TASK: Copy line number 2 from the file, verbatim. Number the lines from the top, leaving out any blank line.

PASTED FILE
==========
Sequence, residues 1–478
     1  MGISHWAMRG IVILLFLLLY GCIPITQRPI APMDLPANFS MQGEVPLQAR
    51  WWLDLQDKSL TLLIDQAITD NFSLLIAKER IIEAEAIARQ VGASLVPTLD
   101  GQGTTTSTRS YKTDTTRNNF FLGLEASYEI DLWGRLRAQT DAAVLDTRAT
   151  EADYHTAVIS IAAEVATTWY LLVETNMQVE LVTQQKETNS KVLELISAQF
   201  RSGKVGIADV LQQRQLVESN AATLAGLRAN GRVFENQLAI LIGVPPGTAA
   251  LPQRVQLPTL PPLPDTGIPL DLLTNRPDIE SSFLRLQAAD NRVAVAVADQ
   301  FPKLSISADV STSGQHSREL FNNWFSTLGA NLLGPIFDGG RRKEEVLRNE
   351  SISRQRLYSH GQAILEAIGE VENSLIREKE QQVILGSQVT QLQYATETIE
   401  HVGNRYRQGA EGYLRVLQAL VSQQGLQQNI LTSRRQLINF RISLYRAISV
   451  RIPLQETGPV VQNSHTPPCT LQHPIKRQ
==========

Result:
     1  MGISHWAMRG IVILLFLLLY GCIPITQRPI APMDLPANFS MQGEVPLQAR